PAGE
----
Hair Loss - Diagnosis & Therapy

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Hair Loss - Diagnosis & Therapy
Hair Loss - Diagnosis & Therapy
Video: Hair Loss - Diagnosis & Therapy
Video: Importance of Diagnosing Pattern Hair Loss, and Stopping and Reversing Hair Thinning 2023, February

Hair loss: diagnosis & therapy

Full head hair is generally considered to be the ideal of beauty. The self-confidence of many affected suffers all the more when it comes to increased hair loss. The possible causes for this range from genetic predisposition to pregnancy and various diseases. There are different types of hair loss with different causes. The treatment depends on the trigger.


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  • Advice, downloads & tools
  • Life cycle of hair
  • How is hair loss diagnosed?
  • Forms, causes and therapy of hair loss
  • Hereditary hair loss
  • Circular hair loss
  • Scarring hair loss
  • Diffuse hair loss
  • Whom can I ask?
  • How are the costs going to be covered?

Life cycle of hair

Normally, people have around 80,000 to 100,000 hairs on their heads - blondes a little more, redheads less. There are around a million bag-shaped hair follicles that are only a few millimeters in size on the head. About one in ten of these hair roots is currently active and forms a new hair. The hair life cycle is divided into three sections:

  • Growth phase : 80 to 90 percent of the hair is in this phase. It lasts on average about two to six years and determines the maximum hair length. Hair grows about an inch per month. People with a rather short hair growth phase can therefore not get very long hair, even if they rarely have it cut.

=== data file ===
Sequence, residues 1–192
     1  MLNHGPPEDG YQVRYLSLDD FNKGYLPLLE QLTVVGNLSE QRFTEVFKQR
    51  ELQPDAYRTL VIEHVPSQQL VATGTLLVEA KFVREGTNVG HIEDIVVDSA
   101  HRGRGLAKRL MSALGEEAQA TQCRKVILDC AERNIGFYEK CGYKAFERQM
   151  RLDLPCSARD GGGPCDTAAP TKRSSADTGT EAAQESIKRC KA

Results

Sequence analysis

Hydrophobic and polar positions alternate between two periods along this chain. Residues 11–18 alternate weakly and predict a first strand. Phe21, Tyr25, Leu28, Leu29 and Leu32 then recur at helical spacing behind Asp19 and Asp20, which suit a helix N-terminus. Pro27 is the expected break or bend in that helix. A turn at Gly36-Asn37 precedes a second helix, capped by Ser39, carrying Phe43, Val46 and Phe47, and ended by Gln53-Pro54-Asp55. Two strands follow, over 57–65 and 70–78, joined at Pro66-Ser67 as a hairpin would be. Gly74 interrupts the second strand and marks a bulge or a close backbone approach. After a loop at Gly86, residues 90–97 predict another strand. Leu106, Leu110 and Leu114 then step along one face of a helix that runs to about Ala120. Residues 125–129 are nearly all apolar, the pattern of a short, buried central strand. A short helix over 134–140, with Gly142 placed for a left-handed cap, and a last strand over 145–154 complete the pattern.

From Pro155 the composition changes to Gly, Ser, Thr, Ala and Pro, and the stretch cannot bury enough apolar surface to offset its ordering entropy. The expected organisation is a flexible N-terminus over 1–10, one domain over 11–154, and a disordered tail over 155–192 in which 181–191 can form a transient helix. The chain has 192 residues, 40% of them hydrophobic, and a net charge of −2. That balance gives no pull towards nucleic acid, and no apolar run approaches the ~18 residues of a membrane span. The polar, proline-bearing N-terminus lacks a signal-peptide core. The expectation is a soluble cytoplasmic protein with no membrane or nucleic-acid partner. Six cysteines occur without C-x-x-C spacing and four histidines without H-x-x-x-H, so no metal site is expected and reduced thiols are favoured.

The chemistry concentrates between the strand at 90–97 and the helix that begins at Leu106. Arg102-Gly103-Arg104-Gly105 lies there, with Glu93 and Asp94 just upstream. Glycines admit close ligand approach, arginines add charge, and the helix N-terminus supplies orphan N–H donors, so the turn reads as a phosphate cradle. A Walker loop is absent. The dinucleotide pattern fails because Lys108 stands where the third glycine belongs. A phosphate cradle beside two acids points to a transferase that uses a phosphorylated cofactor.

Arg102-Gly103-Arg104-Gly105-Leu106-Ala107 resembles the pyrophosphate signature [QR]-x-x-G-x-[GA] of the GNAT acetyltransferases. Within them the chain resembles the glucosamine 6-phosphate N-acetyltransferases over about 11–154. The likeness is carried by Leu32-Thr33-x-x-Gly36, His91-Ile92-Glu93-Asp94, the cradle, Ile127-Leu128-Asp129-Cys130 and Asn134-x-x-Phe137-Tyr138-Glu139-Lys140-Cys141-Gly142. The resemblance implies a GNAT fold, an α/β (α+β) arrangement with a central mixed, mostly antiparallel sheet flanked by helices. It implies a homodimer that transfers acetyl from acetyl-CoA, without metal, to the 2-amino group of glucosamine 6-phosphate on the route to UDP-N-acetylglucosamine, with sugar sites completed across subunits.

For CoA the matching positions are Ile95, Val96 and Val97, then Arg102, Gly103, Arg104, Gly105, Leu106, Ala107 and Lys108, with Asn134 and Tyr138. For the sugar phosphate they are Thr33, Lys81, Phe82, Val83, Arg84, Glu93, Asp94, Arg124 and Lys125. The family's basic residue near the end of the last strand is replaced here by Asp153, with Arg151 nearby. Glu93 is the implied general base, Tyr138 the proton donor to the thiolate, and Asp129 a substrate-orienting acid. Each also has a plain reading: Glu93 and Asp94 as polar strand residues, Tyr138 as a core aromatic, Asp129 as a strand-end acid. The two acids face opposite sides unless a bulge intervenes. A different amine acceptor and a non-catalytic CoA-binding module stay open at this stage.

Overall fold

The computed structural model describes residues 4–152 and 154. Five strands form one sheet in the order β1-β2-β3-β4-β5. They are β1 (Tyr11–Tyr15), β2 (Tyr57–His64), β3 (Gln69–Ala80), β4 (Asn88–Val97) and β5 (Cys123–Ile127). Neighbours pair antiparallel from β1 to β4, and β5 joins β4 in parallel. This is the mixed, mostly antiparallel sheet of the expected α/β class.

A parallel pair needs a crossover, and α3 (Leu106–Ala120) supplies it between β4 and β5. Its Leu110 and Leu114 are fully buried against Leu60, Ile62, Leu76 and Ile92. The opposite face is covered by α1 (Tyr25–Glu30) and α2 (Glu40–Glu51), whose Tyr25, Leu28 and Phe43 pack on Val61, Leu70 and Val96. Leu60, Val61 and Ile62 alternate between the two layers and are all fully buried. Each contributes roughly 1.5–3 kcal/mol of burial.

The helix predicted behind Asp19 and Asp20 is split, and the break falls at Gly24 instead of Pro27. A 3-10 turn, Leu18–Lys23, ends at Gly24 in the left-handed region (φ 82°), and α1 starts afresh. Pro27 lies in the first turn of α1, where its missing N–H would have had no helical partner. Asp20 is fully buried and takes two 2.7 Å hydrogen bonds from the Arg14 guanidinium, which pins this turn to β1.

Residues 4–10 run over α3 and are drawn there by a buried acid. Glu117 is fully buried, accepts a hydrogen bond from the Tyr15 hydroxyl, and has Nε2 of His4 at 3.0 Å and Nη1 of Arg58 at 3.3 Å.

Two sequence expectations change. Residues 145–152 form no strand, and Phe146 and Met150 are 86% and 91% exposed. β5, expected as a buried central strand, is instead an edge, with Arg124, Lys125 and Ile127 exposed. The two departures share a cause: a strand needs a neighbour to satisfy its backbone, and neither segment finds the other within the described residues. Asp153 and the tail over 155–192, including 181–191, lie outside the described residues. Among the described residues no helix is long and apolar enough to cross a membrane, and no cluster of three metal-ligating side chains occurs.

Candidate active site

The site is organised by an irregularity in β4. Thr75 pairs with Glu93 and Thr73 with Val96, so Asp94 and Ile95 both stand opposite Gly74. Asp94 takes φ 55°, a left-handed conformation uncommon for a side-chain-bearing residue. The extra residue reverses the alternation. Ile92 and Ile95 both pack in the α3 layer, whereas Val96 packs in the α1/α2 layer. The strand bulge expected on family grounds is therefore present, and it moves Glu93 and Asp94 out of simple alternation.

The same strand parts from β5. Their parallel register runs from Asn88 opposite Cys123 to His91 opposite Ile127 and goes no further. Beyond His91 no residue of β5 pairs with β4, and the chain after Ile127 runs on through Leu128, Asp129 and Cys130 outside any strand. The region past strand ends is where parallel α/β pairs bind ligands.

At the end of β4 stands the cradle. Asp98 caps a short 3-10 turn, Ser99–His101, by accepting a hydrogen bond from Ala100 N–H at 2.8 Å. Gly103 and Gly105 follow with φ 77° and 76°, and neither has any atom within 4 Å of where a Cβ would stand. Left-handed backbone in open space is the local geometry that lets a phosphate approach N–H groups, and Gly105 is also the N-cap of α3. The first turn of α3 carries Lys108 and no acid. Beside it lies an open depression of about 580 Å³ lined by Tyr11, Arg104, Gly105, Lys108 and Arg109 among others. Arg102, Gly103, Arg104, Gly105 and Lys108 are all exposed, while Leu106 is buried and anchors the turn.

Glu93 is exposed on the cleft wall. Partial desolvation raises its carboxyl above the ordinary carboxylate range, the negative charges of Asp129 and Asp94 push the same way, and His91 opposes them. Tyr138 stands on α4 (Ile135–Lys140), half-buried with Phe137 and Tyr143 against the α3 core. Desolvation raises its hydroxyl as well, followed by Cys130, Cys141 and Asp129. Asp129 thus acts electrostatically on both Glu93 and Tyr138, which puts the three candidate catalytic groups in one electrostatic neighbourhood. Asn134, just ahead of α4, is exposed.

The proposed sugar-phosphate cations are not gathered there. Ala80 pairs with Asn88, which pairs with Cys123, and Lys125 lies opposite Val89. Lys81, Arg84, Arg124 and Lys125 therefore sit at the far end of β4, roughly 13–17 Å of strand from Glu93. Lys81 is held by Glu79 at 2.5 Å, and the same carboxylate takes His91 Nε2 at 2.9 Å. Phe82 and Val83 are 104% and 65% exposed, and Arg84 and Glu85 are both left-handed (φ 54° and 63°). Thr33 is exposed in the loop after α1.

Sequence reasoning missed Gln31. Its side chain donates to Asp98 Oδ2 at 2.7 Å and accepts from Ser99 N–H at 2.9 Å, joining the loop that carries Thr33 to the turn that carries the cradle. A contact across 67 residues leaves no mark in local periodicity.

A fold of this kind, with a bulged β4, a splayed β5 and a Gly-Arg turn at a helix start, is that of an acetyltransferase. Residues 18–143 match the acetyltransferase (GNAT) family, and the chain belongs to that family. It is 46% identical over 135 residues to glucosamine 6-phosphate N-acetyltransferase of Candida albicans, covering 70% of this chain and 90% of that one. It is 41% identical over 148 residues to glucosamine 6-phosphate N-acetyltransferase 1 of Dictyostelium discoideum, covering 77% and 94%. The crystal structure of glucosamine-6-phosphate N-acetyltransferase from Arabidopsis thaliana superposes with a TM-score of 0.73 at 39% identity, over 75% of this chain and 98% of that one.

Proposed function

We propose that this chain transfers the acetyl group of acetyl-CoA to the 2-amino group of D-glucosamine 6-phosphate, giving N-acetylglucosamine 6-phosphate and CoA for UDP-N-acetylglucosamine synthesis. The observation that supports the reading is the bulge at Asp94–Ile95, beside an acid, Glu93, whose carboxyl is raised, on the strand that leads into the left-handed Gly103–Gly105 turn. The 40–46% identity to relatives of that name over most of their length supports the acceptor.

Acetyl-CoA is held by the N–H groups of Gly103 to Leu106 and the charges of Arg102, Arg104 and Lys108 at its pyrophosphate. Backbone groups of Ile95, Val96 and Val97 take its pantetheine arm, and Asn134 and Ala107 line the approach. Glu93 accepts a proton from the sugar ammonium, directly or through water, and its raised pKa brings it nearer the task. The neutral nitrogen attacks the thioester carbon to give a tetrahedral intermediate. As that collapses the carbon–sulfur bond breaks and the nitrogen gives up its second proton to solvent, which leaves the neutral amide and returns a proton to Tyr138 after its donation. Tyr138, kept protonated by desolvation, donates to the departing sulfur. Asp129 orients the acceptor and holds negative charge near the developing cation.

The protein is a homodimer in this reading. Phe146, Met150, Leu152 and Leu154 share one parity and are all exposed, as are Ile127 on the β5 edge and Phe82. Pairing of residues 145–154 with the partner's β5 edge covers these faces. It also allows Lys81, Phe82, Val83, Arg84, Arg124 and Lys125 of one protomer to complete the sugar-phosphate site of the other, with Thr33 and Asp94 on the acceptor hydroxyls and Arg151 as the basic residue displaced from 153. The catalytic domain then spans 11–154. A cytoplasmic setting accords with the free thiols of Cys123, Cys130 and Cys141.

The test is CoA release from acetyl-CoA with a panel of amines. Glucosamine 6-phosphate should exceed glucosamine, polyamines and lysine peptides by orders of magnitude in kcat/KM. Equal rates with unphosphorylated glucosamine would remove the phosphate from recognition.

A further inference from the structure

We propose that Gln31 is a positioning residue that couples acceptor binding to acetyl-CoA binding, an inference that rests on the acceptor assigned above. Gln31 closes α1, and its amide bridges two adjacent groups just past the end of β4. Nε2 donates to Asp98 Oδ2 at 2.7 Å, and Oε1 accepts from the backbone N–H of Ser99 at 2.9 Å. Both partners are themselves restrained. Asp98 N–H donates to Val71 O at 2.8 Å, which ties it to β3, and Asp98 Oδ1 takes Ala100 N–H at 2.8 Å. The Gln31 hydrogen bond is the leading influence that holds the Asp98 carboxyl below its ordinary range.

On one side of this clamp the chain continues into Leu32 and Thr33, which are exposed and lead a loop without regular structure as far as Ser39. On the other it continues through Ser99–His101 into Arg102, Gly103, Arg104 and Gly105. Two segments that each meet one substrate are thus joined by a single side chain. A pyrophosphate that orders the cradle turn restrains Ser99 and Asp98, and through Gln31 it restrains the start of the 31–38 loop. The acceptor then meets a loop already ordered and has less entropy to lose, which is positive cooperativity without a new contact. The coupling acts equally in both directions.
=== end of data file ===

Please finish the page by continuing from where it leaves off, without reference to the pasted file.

• Transition phase: this section is short-lived.
  • Resting phase: After this period of around two to four months, the hair falls out on its own. Normally we lose around 50 to 60 hairs per day, with one hair wash it can be up to 100 hairs.

If more hair falls out, this life cycle is disturbed and the cause should be clarified by a dermatologist. Different treatment options are available depending on the trigger.

How is hair loss diagnosed?

In a conversation with the person concerned, the doctor clarifies whether there is a family history of hair loss or a one-sided diet. In addition, a connection with possible causes (e.g. infections, metabolic diseases or hair-damaging influences) is searched for. This is followed by a physical examination of the scalp in particular and, if necessary, microscopic examinations of the hair roots and skin samples. Blood tests may also be necessary.

Forms, causes and therapy of hair loss

There are different types of hair loss with different causes. The respective treatment depends on the trigger. The possibilities range from various local therapies to systemic therapies and so-called mesotherapy. Low-dose substances are injected directly into the scalp.

If these treatments are not or not sufficiently effective and the suffering is great, a wig, a toupee or hair braid can help. Hair transplantation should only be considered with caution and only performed by specialized professionals, as it can lead to complications such as rejection reactions and chronic infections.

Tip Only contact reputable, specially trained doctors and discuss the chances of success and the costs of the respective method in advance.

Hereditary hair loss